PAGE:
out. You must be able to afford us some by this time, and we will put it to good use and see that none is wasted. I want 20 barrels large grain and 30 barrels fine grain, in all 5,000 pounds, cannon powder. I know you will do all you can.
Very respectfully, your obedient servant,
WM. D. HARDEN,
General Mercer requests me to add that Fernandina is vastly better supplied with guns and ammunition than we are.
STATE OF SOUTH CAROLINA,
Headquarters, December 31, 1861.
SIR: I have received yours of the 27th and 29th instant.* In the former you make the number of troops mustered into Confederate service from this State under your command 10,036. I inclose with this a correct copy# of the exact number mustered in whose rolls are in the adjutant-general's office, which is correct from the record. You say in yours you do not include the regiments of Colonels Means and Elford nor the companies mentioned in mine. From your remark in relation to the garrisons at Cole's Island and Sumter and Moultrie not being considered troops for field service, I suppose you exclude them also, and perhaps the troops at or near Georgetown. If I am right in this construction of your letter, then the estimates, according to the rolls in the adjutant-general's office, making 17,000, vary but little from yours of 10,036, but if these are added it would make about the same. If this is not the case, and I do not understand you right, then the officers in command of your different districts have ben sent you in a full report of the troops mustered in.
As to the suggestion you make in relation to a cavalry regiment, I will cordially unite with you to raise the other four companies, and we have a company now which General Gist is trying to get in for the war unconditionally. There are many offering, and we will try to get enough for the regiment and report to you, so that the President may send an officer to command them.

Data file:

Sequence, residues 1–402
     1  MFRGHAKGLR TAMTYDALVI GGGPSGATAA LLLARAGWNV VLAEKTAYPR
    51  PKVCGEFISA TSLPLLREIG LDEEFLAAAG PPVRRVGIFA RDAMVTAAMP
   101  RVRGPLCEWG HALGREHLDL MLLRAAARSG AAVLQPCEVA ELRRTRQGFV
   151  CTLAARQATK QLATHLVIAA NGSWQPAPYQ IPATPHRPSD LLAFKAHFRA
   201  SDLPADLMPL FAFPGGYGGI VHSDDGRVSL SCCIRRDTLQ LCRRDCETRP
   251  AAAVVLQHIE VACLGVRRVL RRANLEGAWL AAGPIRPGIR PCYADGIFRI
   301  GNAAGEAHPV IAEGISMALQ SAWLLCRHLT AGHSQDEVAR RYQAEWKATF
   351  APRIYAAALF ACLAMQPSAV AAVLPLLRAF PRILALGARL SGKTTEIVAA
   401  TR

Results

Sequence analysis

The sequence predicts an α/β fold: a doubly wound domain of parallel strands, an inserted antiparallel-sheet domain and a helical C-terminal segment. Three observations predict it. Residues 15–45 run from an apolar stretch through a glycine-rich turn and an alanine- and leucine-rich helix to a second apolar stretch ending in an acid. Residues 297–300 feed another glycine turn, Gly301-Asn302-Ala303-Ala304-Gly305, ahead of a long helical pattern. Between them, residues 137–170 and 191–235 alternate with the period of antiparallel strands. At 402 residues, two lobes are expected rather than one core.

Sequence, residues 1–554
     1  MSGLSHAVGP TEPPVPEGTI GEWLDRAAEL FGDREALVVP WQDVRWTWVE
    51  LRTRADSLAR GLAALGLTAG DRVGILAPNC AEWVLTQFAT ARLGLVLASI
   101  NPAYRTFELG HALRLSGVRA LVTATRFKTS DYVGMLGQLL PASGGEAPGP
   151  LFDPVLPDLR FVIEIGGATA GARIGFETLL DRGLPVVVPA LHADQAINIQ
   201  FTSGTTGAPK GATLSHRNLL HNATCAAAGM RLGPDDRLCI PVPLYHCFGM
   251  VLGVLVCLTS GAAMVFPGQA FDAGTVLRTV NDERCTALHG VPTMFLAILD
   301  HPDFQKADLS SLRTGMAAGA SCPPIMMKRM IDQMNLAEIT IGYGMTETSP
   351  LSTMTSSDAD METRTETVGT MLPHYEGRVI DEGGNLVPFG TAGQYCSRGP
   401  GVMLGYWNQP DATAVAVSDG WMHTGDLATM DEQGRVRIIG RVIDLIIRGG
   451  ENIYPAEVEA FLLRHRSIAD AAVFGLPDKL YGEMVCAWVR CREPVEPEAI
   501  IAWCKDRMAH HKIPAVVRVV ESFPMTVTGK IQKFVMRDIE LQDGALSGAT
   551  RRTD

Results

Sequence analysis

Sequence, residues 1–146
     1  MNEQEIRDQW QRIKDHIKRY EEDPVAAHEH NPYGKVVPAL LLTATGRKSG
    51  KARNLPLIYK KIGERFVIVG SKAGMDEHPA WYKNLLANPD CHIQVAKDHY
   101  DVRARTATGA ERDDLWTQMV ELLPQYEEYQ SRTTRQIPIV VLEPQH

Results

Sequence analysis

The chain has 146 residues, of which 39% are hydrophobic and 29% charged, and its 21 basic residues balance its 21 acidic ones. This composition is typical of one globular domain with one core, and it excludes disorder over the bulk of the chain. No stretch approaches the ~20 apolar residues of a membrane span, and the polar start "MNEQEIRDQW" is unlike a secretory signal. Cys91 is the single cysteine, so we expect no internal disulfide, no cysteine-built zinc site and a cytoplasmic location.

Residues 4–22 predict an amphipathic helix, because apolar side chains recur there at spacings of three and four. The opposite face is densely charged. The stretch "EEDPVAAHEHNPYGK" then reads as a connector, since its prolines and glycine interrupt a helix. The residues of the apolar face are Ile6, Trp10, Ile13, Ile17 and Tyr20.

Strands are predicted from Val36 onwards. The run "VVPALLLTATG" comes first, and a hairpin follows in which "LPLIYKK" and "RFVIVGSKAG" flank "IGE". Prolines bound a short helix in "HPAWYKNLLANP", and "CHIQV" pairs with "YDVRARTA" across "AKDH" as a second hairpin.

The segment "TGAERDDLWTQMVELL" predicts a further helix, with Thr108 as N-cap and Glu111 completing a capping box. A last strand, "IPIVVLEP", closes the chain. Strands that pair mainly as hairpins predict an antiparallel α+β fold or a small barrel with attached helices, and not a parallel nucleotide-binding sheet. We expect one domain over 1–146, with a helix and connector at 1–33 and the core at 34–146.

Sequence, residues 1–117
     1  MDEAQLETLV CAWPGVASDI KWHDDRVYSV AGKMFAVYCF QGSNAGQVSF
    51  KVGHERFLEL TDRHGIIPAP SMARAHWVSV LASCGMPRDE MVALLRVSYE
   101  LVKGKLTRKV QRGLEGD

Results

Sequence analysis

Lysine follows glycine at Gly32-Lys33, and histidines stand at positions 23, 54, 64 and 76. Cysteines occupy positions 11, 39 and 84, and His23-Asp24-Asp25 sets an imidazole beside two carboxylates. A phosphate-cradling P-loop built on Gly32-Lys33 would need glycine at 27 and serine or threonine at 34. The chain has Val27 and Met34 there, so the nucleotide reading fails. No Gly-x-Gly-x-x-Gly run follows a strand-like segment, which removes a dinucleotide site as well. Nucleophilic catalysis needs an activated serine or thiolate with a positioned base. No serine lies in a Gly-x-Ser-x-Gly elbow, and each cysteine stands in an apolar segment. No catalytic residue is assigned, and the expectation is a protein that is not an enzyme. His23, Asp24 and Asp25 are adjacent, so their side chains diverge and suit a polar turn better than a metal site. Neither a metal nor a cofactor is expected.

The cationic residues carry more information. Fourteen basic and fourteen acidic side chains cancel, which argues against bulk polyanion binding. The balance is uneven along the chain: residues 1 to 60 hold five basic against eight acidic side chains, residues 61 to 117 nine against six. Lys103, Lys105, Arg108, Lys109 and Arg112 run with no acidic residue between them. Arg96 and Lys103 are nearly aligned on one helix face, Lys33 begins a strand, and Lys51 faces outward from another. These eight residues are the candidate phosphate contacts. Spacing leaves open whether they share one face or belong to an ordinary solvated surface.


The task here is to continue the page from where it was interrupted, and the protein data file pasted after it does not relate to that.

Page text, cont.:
I regret to hear and to know of the unpleasant feeling amongst the officers under General Ripley, particularly of the junior officer in the artillery. Appointments cannot be made to please all, and none have been made but with an eye single to the strength of the service. Ferguson and Beauregard were appointed supposing they had a company ready to bring right into the battalion of artillery, and their commissions are not to be presented unless this is done first. There is great difficulty in enlisting regulars now, and as a large portion of a company difficulty in enlisting regulars now, and as a large portion of a company was already enlisted for young Beauregard in New Orleans, I thought it was well to secure a company for our service, and besides I thought it would be very agreeably to all to appoint a son of General Beauregard. The appointment of Kemper as second lieutenant was became he was a brother of the gallant commander of the battery from Alexandria, who was with one of our regiments in service, and because this Mr. Kemper whom I appointed had settled in Beaufort and was ruined by the inva-
*Of 29th not found.